with as much information as to where the enemy is as to where he wasn’t. So it was always good to get out into a quiet area and sort of have a quiet patrol. There was always an indicator of a quiet patrol when we … the helicopters would come in to pick us up and take us back and the door gunners would be looking at the muzzles of our rifles - they were always taped, see. So if the tape was blown off then they would know straight away we had been in contact. But if they were still taped up then they'd know things were quiet.
So why were you taping up them?
To keep the mud and gunk out of the barrel.
Thanks for that …
Weapons tend not to work if they are half full of mud.
How would you get picked up from these areas?
Generally it was the same way as when we went in. We would try and run
an extraction … the goal of every extraction was to be back in camp by ten o’clock, so you could be at the brew point for morning tea and the gossip, right. So we would get into the extraction LZ the night before, check it out, and sleep just along side it. Then we'd come on the radio at nine o’clock …. and because HF [High Frequency] communications depend on sky wave, I mean, you needed the sun up to activate the Van Allen radiation belt so
it would reflect off … hmm, a bit of technical talk there, and ancient stuff … but by nine o'clock when the sun was high enough and the conditions were right enough for communications - CW - and away you would go, get your message back to base at LYZ grid reference and wait for them to come back with, ."OK, extraction at zero nine thirty or ten hundred." or whatever the time was.
So you'd sit there and then the ears would just start to flap - any sound - and the first guy to hear it, right, the choppers, and the patrol commander would pull out the beacon radio and establish communications with the squadron leader who was always flying a lot higher than his other choppers. He'd say, "G’day" and he might ask for mirror, panel or smoke - whatever he wanted.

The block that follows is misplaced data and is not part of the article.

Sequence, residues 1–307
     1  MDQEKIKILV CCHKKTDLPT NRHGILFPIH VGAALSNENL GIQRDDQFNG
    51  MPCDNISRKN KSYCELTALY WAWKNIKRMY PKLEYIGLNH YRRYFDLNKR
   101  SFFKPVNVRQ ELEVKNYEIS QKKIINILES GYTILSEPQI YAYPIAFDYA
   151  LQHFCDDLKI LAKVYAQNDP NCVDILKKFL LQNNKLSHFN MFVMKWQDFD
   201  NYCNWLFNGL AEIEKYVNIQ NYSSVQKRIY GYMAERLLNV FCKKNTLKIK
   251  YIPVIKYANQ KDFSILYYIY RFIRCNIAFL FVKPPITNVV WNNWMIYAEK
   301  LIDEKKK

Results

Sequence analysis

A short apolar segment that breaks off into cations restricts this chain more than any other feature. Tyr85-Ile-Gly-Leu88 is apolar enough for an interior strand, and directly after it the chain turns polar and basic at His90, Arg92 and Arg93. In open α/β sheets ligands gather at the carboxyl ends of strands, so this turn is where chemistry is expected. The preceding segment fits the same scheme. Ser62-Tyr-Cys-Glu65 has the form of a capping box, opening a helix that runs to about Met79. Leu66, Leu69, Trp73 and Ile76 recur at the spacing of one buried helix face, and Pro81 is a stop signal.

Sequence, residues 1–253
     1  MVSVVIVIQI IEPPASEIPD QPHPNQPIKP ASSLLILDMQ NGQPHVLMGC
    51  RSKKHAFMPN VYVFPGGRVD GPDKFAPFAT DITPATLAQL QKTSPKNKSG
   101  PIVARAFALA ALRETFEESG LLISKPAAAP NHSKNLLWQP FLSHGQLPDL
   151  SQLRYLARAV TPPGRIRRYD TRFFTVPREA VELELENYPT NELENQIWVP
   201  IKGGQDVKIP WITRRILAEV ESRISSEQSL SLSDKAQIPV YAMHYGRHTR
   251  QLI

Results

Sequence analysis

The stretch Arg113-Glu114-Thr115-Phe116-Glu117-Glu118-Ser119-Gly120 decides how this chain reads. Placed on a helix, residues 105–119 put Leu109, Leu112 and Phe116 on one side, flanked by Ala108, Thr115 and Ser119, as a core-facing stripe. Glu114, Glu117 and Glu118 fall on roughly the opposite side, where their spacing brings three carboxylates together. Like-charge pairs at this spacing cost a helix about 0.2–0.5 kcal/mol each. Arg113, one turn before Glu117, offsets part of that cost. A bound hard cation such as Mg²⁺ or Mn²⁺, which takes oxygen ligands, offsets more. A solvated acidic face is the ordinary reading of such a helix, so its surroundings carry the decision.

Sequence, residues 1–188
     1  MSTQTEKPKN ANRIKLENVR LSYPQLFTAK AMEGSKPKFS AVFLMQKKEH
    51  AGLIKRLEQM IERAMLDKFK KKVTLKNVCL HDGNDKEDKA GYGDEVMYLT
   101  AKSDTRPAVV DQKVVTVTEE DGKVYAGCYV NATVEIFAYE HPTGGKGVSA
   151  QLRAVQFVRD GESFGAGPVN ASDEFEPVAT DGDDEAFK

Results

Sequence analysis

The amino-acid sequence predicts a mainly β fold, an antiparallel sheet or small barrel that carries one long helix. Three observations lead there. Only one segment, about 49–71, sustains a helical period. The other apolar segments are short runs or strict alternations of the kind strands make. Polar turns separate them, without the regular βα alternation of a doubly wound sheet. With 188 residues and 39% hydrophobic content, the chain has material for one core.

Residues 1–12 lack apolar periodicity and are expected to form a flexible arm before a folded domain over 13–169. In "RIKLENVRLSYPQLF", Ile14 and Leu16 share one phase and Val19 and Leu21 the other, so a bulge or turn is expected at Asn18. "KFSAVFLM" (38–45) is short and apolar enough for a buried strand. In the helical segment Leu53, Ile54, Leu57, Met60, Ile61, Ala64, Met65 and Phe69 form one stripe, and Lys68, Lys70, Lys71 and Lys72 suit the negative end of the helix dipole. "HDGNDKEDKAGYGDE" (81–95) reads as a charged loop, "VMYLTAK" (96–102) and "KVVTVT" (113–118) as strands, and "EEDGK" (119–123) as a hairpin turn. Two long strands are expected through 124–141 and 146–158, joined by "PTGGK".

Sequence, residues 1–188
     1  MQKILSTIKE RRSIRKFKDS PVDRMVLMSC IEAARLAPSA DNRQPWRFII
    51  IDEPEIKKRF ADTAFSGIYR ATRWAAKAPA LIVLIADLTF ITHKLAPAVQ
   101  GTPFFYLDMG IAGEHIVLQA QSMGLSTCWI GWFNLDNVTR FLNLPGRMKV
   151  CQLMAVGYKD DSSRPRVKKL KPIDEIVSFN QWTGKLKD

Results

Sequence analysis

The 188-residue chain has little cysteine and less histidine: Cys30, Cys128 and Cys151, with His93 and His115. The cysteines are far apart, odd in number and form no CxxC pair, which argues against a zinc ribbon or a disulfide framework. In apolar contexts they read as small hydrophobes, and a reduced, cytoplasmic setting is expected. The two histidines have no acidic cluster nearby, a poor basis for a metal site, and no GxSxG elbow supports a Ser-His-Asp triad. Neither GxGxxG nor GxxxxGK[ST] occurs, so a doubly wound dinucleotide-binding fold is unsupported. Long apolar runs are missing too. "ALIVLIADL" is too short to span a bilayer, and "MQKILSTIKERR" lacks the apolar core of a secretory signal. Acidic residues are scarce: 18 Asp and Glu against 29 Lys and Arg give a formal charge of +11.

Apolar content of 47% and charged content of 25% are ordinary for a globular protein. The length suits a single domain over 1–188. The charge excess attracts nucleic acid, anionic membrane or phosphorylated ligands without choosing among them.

And he would … soon as he made a pass over head he'd put the mirror on and say, "O.K. got your mirror." But that could be anybody and you would throw smoke and he would say, “I see red.” and he would come back confirm “Red.” and if he said “I see Green.” and you threw purple then you’ve got a problem - that means the enemy is there … because that’s why we carried two coloured smokes, so that on request we would throw smoke and he would call a colour and we would confirm
that that was the one that we threw. Meanwhile the gun ships would work around the LZ and check it over; and they would be constantly circling. And then bang, in would come the slick ship and we would pile on and the aircrew - the door gunner - you would see their noses wrinkle. This'd be five pretty smelly beasts that pile in on the helicopter and it would stink.
You could see just behind … they had a visor on and you could see their noses wrinkling up behind the visor as they got a whiff of our body odour. And anyway ,away we would go, back to base. Hit the deck hopefully by ten o’clock, have a brew, debrief, clean up your weapons and clean up your kit, and then one of two things would happen : there would be a carton of beer up at the canteen because it normally didn’t open till four thirty,